When beginning an abdominal training program, maintain a balanced workout!  Train opposing muscles equally to prevent any muscle imbalances.  Maintain a tight contraction throughout the entire set.  Pay close attention to form, not allowing it to get sloppy when fatigue sets in.  Train the obliques first, followed by the lower abs and finishing with the upper abs.  This is because the upper abs assist in the movement of the obliques and lower abs, thus it would be counterproductive to fatique the upper abs first.  As with any body part, always warm-up thoroughly before beginning your training program.

The Exercises
First in the order of training is the obliques.  The side crunch either with straight legs or bent legs targets the obliques.  Lie on one side keeping legs either bent or straight.  Place the arm of the same working side behind your head while placing the opposite hand on the working oblique.  Slowly contract that side oblique by lifting your shoulder nearest the floor off of the floor anywhere 2-6 inches.  Contract and squeeze the obliques before returning to the starting position and then beginning again.  After completing your target number of repetition, roll over to the other side and repeat the process.

Obliques
The next exercise for the obliques is called the squirm.  Here you lay on your back and keep knees bent with feet flat on the floor approximately 12 inches from the buttocks.  While keeping arms by your side, tuck chin to chest and raise shoulders slightly off the ground.  Begin by reaching your left hand down toward your left foot while squeezing the oblique.  Return to starting position and alternate to the right side before returning to the starting position.  Repeat sequence until desired repetition goal.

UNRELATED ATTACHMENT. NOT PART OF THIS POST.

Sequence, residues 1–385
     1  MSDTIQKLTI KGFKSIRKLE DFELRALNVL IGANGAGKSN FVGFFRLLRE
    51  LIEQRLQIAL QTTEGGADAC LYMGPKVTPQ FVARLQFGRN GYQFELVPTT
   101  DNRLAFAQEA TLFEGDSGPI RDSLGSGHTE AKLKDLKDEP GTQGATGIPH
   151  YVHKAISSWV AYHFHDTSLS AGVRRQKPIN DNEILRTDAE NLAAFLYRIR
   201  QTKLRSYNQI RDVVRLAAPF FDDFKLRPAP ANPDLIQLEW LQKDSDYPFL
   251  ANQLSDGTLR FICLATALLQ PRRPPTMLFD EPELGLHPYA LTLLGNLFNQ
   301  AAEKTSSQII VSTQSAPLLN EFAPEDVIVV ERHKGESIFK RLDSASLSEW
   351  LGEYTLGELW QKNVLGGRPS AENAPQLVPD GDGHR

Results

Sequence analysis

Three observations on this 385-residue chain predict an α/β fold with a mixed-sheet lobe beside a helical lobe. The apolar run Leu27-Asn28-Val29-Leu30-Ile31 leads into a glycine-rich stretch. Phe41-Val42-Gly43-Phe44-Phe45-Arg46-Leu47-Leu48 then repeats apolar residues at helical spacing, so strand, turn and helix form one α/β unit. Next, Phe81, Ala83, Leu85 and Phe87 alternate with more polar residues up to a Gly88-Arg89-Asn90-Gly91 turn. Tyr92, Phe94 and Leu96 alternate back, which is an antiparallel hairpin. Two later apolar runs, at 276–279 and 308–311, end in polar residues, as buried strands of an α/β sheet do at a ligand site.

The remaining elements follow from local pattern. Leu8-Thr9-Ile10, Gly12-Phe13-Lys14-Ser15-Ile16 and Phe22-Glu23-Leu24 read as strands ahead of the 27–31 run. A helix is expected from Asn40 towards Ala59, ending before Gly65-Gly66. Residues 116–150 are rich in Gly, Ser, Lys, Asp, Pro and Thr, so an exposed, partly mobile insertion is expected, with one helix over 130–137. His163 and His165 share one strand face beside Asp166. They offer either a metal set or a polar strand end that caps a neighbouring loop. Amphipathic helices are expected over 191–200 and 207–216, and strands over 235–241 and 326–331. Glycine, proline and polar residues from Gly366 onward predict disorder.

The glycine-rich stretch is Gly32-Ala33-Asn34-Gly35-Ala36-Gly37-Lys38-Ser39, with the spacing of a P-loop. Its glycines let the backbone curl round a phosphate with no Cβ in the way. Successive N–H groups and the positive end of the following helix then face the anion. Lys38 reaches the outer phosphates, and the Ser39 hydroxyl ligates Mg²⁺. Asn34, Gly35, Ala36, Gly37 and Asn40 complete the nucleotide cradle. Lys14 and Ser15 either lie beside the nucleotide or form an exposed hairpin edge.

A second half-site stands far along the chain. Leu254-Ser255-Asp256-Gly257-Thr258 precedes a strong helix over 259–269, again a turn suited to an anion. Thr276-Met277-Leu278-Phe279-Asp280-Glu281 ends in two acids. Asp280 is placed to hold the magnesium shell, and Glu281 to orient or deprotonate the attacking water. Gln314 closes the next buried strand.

The last exercise for the obliques will be the broomstick twist.  This is a simple exercise that I'm sure you have seen countless times.  Sit on the floor with a straight back, legs spread and holding a broomstick behind your head across your shoulders.  Begin by rotating your torso to the right contracting the obliques before rotating to the left contracting the left oblique.  Continue rotating to each side until desired repetition goal.

Lower Abdominals
The lower abdominals are next in the order of training.  The first exercise is the roll back.  Begin by laying on your back with knees flexed at 90 degrees and feet flat on the ground.  Tuck your chin to your chest and keep your hands behind your head.  While contracting the lower abs, roll your legs toward your chest while simultaneously lifting your hips off the floor and pushing them toward the ceiling.  Contract the abs at the top of the motion before lowering your legs in a controlled manner to the starting position.  Repeat the sequence until you reach your desired repetition goal.

The next exercise is the seated bent-knee tuck.  This exercise can be performed either on a bench or on the floor.  Sit on the floor or side of a bench.  Lean back while flexing the knees to 90 degrees.  Hands are kept on the side of the bench or floor behind your hips to assist in stabilizing the upper body.  Begin by contracting the lower abs by bringing your knees to your chest.  Squeeze in this position briefly before returning to the starting position,  Repeat immediately without resting until desired repetition total is reached.